I think that there was a significant winter event in Q1 that impacted our terrestrial businesses during Q1 and small on the consumer side, it's still February so it's a little bit early to say. But we haven’t seen it those significant impacts yet. I can’t remember exactly the situation, but I know it did occur in the ’15.

Operator

Thank you. And our next question is a follow up from the line of George Staphos with Bank of America/Merrill Lynch. Your line is open. Please go ahead.

George Staphos

I just wanted to do one housekeeping question, so the impact of the extra days in 1Q, which I guess presumably gets reversed out 4Q. Should we think about that being more or less around $0.05 a share for the quarters in question?

Barry Saunders

It might a penny or two lighter than that just depending on exactly how you averaged and look at it. But it would be roughly additional 6% in terms of days if everything worked out on a pure day basis for the calendar.

George Staphos

Thanks for that Barry. Second question I had I think during the discussion you’d mentioned that North American composites was not growing as quickly as the global composite business. Obviously, you’ve got the capacity launches, helping on the global side. If I heard that correctly, could you give us a bit more color in terms of what was happening in North American composites in the quarter, and what the outlook is for ’16 in North America in that business?

Barry Saunders

North America has been fighting erosion for some time in some of its key markets frozen concentrated orange juice is one of those markets as of late it's been powdered beverage being another one. So, those have been consistently going down over the past several years. So that business always fights erosion domestically. And that’s really why we’re looking for new markets with this or the new technology out of Weidenhammer both for the EvoCan as well as some other non-round applications that we could potentially look at as well. But that’s a consistent George that they face every year. So just they have to convert just to stay flat.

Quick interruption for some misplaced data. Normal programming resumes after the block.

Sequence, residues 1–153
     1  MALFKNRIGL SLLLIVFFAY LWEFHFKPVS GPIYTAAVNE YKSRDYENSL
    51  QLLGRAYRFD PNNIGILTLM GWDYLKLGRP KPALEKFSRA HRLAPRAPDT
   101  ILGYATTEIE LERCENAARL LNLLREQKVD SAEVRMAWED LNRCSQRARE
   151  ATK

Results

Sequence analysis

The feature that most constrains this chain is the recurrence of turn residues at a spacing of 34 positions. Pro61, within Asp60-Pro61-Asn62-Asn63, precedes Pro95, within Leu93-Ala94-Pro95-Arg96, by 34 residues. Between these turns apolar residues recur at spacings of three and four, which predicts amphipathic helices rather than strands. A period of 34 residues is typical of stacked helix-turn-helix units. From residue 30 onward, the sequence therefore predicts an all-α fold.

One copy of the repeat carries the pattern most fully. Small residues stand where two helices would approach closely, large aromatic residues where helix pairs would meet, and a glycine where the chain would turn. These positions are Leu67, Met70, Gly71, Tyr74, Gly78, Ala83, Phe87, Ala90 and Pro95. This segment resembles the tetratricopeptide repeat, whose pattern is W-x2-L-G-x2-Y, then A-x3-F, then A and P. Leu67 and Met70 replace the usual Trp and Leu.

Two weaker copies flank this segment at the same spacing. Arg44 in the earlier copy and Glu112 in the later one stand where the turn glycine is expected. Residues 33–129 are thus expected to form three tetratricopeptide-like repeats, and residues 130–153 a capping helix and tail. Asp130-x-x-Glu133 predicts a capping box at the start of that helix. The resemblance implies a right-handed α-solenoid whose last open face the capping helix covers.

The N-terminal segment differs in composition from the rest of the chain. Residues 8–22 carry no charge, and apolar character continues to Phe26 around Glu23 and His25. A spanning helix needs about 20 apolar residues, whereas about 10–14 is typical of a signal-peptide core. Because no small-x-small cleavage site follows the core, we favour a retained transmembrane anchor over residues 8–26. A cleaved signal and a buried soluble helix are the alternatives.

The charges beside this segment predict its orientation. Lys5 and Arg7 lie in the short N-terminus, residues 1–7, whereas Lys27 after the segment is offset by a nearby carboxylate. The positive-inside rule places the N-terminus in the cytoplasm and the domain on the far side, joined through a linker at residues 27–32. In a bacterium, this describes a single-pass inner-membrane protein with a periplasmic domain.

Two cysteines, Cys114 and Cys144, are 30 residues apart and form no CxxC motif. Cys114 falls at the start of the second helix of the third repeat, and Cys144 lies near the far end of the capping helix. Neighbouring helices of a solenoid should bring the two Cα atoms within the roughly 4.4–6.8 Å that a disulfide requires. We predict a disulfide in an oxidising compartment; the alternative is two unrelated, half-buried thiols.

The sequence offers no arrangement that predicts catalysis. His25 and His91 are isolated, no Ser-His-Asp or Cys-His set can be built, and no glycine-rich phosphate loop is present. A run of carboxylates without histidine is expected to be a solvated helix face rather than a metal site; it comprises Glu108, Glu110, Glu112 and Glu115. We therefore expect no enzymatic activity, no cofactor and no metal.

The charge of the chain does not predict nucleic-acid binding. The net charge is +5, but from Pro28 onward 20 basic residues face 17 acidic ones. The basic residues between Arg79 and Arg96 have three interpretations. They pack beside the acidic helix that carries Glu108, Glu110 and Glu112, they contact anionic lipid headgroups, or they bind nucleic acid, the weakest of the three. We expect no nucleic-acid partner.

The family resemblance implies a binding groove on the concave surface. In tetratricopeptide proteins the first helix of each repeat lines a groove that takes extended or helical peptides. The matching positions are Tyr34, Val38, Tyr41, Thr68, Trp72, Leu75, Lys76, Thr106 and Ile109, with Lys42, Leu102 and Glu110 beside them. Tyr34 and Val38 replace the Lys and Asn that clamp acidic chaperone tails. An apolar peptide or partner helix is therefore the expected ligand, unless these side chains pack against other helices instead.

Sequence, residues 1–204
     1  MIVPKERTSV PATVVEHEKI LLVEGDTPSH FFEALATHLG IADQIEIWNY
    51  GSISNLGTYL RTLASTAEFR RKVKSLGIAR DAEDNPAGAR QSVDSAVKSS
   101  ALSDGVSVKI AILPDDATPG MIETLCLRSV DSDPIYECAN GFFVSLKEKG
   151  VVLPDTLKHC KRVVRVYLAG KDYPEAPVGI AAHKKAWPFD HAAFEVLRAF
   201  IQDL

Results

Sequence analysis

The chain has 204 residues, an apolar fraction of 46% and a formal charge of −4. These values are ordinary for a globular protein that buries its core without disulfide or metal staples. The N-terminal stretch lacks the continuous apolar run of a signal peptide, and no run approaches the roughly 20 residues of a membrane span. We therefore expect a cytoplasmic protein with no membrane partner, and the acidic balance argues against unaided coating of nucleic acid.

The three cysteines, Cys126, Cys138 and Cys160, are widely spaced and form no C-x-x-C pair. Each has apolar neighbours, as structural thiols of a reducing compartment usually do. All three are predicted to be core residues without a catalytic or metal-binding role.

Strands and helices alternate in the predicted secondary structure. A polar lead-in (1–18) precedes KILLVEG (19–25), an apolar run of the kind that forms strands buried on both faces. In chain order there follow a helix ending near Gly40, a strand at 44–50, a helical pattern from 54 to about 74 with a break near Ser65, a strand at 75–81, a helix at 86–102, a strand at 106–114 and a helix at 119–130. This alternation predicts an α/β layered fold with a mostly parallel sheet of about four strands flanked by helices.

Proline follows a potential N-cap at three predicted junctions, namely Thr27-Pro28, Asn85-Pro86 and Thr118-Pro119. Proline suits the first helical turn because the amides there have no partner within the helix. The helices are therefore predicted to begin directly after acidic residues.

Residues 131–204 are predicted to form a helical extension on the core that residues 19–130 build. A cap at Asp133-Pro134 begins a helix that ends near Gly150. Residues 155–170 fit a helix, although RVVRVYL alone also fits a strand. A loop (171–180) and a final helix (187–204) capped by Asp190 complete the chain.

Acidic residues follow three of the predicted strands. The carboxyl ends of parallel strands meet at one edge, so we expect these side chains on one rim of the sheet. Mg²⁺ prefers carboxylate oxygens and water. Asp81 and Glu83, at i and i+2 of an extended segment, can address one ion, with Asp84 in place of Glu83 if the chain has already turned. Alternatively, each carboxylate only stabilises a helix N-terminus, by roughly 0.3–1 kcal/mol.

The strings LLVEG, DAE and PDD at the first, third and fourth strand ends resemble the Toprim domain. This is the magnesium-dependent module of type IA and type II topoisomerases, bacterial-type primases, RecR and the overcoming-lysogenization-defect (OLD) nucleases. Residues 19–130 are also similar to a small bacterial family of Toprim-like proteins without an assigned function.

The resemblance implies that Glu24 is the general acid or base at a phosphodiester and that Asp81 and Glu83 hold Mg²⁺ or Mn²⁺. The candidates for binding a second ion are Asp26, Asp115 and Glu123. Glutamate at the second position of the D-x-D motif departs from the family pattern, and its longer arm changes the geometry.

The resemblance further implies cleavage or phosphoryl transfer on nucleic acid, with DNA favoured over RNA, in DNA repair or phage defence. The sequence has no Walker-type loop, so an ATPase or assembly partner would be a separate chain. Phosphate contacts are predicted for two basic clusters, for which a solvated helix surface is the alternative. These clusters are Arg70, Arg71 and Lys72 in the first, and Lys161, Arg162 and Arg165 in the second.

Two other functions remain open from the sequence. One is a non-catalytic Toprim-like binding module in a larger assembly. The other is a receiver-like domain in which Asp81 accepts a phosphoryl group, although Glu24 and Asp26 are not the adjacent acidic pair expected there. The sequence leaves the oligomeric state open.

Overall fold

George Staphos

That's right, that's right. No, I appreciate that. One question I had just on the non-round and I think the answer is it gets to some of the technology that Weidenhammer brought you. But you've had non-round containers for a number of years. Why will non-round often begin to work more effectively than perhaps what it's been doing over the last whatever, 10, 20 years?

Barry Saunders

Let's me just say that the capability at Weidenhammer is for a faster production of the product, also they're putting a paper bottom on the product which is a bit unique and we're actually introducing a new non-round container in Germany this month -- or have already put it out into the marketplace. So, they're bringing some technologies that basically we didn't have relative to speed, paper bottom, and some other things that really create a pretty interesting container.

George Staphos

Jack. Last one and I will turn it over. Can you comment at all to the degree to which -- perhaps not at all -- that the business was affected last year by any distractions within the organization, probably more on the Industrial side than the Consumer side? Do you think, more or less, that whatever might've occurred in '15 is behind you and you'll be in a better position in terms of operations for '16? Thanks and good luck this quarter.

Jack Sanders

Obviously we talked about the changes to the organization because of the unfortunate situation with John. Did that have an impact? Without a doubt, you can't lose someone of John's caliber and not have an impact. So, dealing with that has been an issue and I would tell you that during the course '15 we started to think going to a organization -- a re-org anyway. We were in the process of some work we did with a consultant, we were completing up that reorganization, it was leaning out the organization and kind of moving resources around, we’ve had to adapt to that with the new org structure -- so you had an org change it's started, you had to stop it half way through and kind of go to a hybrid version of it to overcome this change. So, yes and I think that, that's one of the reason why you're going to see an improved level of manufacturing productivity in 2016 as we've a strong focus on that, the organization is set, so I expect to drive that through diligently during the course of the year.